“All too often, parents had no idea that their teenagers were using drugs because they never took the time to communicate with their kids. Parents need to KNOW."
Tampa, FL (PRWEB) March 18, 2013
Douglas Chinchar is on a mission to get his product, the KNOW Drug Test, into the hands of as many parents as possible to increase family communication and to help save teen lives. The goal of his crowdfunding project on ClickStartMe.com is to give away 50,000 of the invention he calls "a conversation starter that can save your teenager's life." Chinchar, an educator, coach and concerned parent, developed the KNOW test in a magnetized box specifically to help other parents jumpstart a conversation about drugs and alcohol with their kids, by sticking the black box directly on the family refrigerator.
Chinchar says that his goal is not to drug test teenagers, but rather to have the black KNOW box prominently displayed in the house as a deterrent, constant reminder and a conversation piece to spur on parental-teenager conversation. "Studies show that when parents talk with their teenagers about drugs, their kids are 42% less likely to become drug users," Chinchar says. "If I can get 50,000 families talking to each other, statistically, that keeps more than 20,000 kids off drugs. Think about how many lives that can save."
While Chinchar knows that communication between parents and kids is the key to saving lives, he notes, “All too often, parents had no idea that their teenagers were using drugs because they never took the time to talk to each other." Or, parents are not sure how to start that important conversation.” The magnet that's built into the KNOW Drug Test box lets parents put it on their refrigerator, which gives them an easy way to bring up this crucial topic. Chinchar assures parents, “Put Know on your refrigerator and you will start a conversation with your kids. I guarantee it.”
While Chinchar hopes parents never actually have to test their teenagers for drugs, he explains that the FDA-approved KNOW kit has highly accurate tests for amphetamines, cocaine, marijuana, methamphetamines and opiates. Chinchar is no industry novice. In addition to being an educator and a coach, Chinchar is Vice President of Sales and Training for a leading national employment drug testing company, S1-Safety 1st.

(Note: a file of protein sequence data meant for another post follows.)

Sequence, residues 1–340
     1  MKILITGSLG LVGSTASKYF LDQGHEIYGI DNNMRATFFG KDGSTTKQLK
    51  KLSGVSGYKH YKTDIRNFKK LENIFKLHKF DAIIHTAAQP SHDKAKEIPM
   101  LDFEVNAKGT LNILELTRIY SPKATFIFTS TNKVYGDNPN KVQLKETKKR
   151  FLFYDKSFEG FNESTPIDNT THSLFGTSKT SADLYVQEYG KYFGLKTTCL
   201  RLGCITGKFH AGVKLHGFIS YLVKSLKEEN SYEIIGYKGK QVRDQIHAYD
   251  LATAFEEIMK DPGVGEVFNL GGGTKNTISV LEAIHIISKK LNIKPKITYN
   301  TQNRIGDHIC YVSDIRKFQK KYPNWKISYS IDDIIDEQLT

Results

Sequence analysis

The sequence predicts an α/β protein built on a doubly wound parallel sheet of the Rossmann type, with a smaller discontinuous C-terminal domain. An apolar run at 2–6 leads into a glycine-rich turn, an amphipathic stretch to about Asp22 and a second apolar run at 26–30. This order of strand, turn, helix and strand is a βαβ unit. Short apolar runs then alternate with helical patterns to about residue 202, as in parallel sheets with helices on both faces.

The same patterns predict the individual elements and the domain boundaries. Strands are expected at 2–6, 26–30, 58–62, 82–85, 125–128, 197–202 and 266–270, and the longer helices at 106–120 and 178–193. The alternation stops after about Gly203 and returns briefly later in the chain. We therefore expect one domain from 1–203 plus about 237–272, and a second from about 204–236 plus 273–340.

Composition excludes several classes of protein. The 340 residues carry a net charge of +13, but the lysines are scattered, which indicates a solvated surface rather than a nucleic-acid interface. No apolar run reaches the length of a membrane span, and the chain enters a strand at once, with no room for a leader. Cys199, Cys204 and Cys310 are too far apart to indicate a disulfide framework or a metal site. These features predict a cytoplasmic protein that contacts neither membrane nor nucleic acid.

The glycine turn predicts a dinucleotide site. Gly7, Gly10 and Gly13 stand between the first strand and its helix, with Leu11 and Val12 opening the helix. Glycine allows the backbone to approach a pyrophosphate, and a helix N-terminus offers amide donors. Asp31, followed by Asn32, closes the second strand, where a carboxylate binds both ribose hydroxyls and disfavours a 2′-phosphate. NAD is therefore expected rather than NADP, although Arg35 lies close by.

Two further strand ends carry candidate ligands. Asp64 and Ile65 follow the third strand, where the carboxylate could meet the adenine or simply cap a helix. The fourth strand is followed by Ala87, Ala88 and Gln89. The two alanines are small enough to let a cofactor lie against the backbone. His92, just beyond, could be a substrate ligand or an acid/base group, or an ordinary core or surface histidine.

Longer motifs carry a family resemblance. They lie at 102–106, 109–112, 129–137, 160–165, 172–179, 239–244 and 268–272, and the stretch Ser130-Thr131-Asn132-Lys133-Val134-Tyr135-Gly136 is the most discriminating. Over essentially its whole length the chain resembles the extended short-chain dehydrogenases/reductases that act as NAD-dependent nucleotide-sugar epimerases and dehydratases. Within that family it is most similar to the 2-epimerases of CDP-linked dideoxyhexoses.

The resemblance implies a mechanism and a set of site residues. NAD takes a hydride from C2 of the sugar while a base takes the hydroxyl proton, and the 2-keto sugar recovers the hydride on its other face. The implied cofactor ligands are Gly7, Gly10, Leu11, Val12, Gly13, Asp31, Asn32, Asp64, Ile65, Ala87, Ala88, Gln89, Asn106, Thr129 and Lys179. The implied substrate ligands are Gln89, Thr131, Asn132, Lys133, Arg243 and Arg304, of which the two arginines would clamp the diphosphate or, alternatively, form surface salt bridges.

Chinchar also says that the impact of a KNOW Drug Test on the refrigerator goes far beyond the immediate family. Not only will kids see it every time they walk past or open the refrigerator door giving them a constant reminder that they shouldn't use drugs, but also when their friends visit, they'll see it too, prompting conversations in their homes. Chinchar has also heard from many teenagers who have thanked him for providing them an excuse to avoid peer pressure. "When their friends see Know on the fridge, they know that this family might test their son or daughter," Chinchar points out. "Which gives that teenager a reason to 'just say Know.' They tell their friends they cant do drugs, because their parents have Know and might test them when they get home."
ClickStartMe is Chinchar's chosen platform to give away as many of the KNOW drug tests as possible. His goal is to get the KNOW message on 50,000 refrigerators across the country in 2013. He's already manufactured the KNOW test kits – they're inside their magnetized black boxes and ready for shipment. By making a donation to his giveaway crowdfunding project on ClickStartMe, supporters can send 5, 10, or 25 kits anywhere they want – such as to schools, youth groups, churches or individuals. To encourage businesses to donate, Chinchar is also willing to travel to a donor's location anywhere in the continental Unites States to speak to their chosen group and distribute KNOW Drug Test kits in the name of corporate sponsors.
Chinchar is determined to raise awareness through his KNOW Drug Test and has a heartfelt message for potential supporters: “I KNOW that together with your financial support and by helping me spread the word, we can do this, and we can save many lives, and many families. Help me just say KNOW to drugs.”